My neighbor George is not a daughter but he’s certainly part of the daughterhood. You see, until a year ago, he spent most of his time taking care of his parents in the home they shared.
Now, from my perspective, he was the best kind of son any parents could hope to have and he fully embodied the spirit of honoring your mother and father.
But from his perspective, he was constantly failing.
Once he relayed a story to me about how he was in the kitchen one night making dinner for his parents – both bed bound in different rooms upstairs. As he’s running the food trays up and down the stairs, as he did for every meal, suddenly his mother calls out, “Come sit with me.”
There is almost nothing in life more stressful than feeling like you are 100 percent responsible for a situation over which you have zero control.
This is happening a lot these days in my house because somehow, somewhere, my daughter has grown into a teenager and I’ve lost control of all but the biggest decisions in her life.
At least she’s my daughter and I am nominally in charge. So as stressful as it is, it’s only a fraction of the stress women face when they feel like they’re entirely responsible for their parents’ health and safety, but, at the same time, have no control over their parents behavior or the choices they make.
This is a recipe for a nervous breakdown — when you have all of the responsibility but none of the authority!
It seems like I’ve been exhausted for 20 years. In just the last few months I’ve been waking up to the realization that this fatigue is the direct result of much-too-loose personal and professional boundaries. I’ve spent so much time and energy in my life doing things that I can’t or don’t want to do –that I am just plain tired.
There’s an epidemic of “can’t say no” among the women I know. But, I think it’s especially difficult for daughters – to say no to a parent who wants to move in, to say no to unreasonable requests from siblings or paid caregivers, or to bow out of community obligations that are just too much on top of caregiving demands.
As a caregiver, it’s essential that you become an expert in setting boundaries. Boundaries are the flip side of asking for help. And if you can do both… if you can learn to say, “No” and “I need your help,” you might just survive this experience.
I travel on airplanes a lot. Usually, my primary focus is on whether I can get a coffee refill and how much longer I can procrastinate writing my blog. So, basically, exactly the same as when I am at home only minus the barking dogs.
But a big gust of turbulence can quickly change all of this
The bumpy ride doesn’t scare me but it does refocus me, shifting my attention to the fact that I’m actually sitting in a tin can flying at 200 plus miles per hour 40,000 feet in the air and that there are other human beings with me.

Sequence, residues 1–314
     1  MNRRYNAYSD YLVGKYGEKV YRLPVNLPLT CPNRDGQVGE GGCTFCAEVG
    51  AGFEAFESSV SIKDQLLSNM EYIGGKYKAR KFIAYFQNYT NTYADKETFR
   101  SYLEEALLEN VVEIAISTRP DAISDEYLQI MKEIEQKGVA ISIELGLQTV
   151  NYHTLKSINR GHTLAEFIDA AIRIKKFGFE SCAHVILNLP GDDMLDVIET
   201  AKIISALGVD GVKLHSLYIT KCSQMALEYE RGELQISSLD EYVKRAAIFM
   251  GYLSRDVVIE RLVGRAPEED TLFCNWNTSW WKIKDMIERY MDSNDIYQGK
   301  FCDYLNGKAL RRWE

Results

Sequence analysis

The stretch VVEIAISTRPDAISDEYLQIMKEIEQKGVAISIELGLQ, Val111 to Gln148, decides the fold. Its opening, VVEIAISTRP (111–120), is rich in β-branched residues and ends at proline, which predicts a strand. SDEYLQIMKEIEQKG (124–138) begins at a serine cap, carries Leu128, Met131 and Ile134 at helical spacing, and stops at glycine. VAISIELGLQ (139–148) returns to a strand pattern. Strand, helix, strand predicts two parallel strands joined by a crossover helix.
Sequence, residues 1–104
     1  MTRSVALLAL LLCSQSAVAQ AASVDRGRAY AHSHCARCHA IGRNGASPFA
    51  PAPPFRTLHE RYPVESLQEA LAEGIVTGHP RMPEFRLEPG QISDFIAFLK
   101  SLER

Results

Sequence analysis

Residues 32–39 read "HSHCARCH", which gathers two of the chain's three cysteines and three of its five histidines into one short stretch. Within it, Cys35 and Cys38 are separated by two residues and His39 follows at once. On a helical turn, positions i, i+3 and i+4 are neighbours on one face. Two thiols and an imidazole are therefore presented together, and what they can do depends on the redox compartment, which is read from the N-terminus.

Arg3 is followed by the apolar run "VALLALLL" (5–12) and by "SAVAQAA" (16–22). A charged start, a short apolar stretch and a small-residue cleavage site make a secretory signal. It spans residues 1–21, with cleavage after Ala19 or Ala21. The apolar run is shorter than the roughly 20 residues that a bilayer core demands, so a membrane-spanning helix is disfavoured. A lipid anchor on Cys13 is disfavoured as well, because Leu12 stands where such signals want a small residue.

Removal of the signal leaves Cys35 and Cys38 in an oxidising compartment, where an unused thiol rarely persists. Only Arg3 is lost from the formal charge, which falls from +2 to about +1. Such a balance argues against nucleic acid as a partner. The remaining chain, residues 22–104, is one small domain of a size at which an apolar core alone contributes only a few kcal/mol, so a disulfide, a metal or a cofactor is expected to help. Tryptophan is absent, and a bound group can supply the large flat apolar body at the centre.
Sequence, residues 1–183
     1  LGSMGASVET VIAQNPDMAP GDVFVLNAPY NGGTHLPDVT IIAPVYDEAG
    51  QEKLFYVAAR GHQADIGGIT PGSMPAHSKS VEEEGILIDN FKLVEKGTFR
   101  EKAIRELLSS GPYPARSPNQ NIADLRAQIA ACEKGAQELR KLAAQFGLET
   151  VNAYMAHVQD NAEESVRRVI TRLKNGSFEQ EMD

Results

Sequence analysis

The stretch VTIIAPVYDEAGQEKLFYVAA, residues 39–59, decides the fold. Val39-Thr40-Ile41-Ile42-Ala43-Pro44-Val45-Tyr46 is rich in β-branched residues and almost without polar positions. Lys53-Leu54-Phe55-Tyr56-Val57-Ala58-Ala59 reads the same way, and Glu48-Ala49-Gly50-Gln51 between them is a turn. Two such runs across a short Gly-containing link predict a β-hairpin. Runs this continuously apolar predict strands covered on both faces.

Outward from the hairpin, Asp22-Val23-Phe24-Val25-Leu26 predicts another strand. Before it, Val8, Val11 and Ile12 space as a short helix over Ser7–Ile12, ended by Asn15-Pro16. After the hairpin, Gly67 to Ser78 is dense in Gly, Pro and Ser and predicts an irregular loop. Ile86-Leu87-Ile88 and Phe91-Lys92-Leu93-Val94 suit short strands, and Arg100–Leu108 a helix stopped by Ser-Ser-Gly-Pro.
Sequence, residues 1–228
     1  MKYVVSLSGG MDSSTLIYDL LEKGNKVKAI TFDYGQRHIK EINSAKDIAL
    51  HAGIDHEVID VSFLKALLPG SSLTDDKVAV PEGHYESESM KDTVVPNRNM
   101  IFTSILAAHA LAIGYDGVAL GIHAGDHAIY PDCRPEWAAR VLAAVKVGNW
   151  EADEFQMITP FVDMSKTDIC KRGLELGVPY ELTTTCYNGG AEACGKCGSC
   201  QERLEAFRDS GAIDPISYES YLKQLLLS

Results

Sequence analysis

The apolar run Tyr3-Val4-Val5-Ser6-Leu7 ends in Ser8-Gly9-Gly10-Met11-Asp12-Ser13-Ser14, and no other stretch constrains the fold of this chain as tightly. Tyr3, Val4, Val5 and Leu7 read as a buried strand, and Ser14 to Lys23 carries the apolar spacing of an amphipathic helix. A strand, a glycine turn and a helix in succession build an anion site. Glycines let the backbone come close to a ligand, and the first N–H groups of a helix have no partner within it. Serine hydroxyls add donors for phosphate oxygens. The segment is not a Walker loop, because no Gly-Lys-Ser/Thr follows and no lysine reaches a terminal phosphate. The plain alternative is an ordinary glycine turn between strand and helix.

I’ve always had a hard time with planning. I find the process of “thinking things through” boring and tedious. Occasionally this impulsiveness gets me in over my head. Like the time I ordered 20 zillion ivy seedlings for the shady part of my backyard without realizing that the soil was more clay than dirt. Getting those little buggers in the ground was much harder than I thought it would be — to the extent I had thought about it at all.
However, I’ve found that leaping before thinking has a nice side benefit. It gets you in the game. If you don’t know what’s ahead, you are much less likely to sit on the sidelines. Once 100 tiny plants arrive on your doorstep, you’re committed to their survival, no matter what the obstacle. Would I have ordered them if I had known what I was going to come up against? Probably Not. Am I glad now that I did? Definitely.
I’ve been noticing that when I get caught in the undertow of feeling like a failure at parenting, it makes me really angst-y and hyper-controlling with my kids, especially my 15-year-old daughter, Grace. This happened last week when, mid-stream in spring softball tryouts, she suggested that maybe she wasn’t really all that keen to play softball after all. Turns out the practices were sort of grueling and boring and she’d rather be hangin’ with her girlfriends at Starbucks.
This made me worried. Inner dialogue: “Does this mean colleges will think Daughter is lazy? She needs to play softball! I’m going to talk to her. I am going to point out how to her how important it is to be involved in activities!” I love watching her play but I also love how it makes me feel — like a rock star mom — when I see her out there tearing up the field. And, if she’s just sitting around every afternoon, what does that say about my competence as a mother?